Aston Martin DB6

Aston Martin DB6

Aston Martin DB6

  • 150MPH

    Top speed

  • 7.5 seconds

    0-60 time

  • 282BHP

    Power

  • £600,000

    Value


Aesthetically, the DB5  – perhaps James Bond’s most iconic set of wheels – was a hard act to follow, and the DB6’s fashionable Kammback tail did not sit well with Aston’s more conservative customers.

But it did serve a practical purpose, with its built-in lip spoiler improving on the DB5’s less-than-perfect stability at high speed and giving the new car a more sporting appearance.

Aston had always been more keen on evolution than revolution, and the car launched in 1965 at the London Motor Show could clearly trace its lineage all the way back to the retrospectively named DB1.

As well as the Kamm-tail, other changes from the DB5 included a lengthened chassis leading to a longer wheelbase, split front and rear bumpers, and reshaped rear panels and side windows.

On the road, Autocar eulogised about the “exhilarating performance” from the DB6’s 4-litre straight six, producing 282bhp, a top speed of 150mph and 0-60mph in just 6.1 seconds.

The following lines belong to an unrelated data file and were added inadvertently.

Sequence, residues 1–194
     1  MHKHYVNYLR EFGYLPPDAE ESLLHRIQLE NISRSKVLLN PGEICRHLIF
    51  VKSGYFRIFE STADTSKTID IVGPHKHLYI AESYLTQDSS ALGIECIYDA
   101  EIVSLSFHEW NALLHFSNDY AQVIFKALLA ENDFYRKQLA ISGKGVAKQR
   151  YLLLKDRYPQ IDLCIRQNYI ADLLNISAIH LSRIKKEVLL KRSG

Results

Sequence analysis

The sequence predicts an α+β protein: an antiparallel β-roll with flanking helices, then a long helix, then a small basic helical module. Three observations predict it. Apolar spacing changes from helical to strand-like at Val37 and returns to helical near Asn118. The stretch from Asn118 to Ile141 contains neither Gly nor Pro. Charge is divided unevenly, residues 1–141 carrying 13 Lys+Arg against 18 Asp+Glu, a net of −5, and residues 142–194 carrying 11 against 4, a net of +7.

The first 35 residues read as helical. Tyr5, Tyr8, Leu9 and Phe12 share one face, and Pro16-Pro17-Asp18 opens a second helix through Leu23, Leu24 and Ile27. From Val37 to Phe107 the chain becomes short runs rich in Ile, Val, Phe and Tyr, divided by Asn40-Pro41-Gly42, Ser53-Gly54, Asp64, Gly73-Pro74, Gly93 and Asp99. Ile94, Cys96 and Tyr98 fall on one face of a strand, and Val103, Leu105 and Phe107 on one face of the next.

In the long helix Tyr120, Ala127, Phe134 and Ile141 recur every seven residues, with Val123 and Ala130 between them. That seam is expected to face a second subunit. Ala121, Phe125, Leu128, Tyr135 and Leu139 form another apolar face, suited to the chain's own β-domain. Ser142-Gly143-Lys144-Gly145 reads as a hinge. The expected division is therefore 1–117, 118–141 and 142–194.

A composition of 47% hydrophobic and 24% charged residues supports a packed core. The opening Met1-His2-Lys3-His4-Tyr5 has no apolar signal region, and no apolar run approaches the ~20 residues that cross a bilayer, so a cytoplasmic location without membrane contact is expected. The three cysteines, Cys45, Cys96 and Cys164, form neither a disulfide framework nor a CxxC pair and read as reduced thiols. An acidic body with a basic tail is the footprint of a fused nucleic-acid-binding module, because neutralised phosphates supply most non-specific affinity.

Aston Martin DB6
Aston Martin DB6

The car offered “the maximum of luxury and refinement as well as the ultimate in road performance”, with the luxury interior little changed from the DB5. Power steering and air conditioning were optional extras, as was a Vantage engine tuned to deliver 325bhp.

The rich and famous were drawn to this most British of performance grand tourers, with owners including Paul McCartney, Peter Sellers, and Mick Jagger, joined by Prince Charles (his mother bought him one converted to run on bio-ethanol for his 21st birthday).

In 1966, the convertible Volante (Italian for “flying”) was born, the first of which used the DB5 chassis before switching to the longer platform.

Subtle changes, including flares on all four wheel arches, wider wheels, and optional fuel injection, arrived with 1969’s mark II, the pick of which is the highly collectible Vantage Volante. Only 29 were made.

The DB6 proved to be the last hurrah for Aston’s gloriously curvy traditional style, with the more angular and modern DBS taking its place (although the two models ran concurrently for three years).

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